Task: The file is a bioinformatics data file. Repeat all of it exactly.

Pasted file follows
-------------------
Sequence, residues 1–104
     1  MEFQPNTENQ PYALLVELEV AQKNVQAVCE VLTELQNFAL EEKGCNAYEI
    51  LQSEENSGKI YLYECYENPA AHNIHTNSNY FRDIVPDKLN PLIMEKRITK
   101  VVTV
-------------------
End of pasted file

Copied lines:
Sequence, residues 1–104
     1  MEFQPNTENQ PYALLVELEV AQKNVQAVCE VLTELQNFAL EEKGCNAYEI
    51  LQSEENSGKI YLYECYENPA AHNIHTNSNY FRDIVPDKLN PLIMEKRITK
   101  VVTV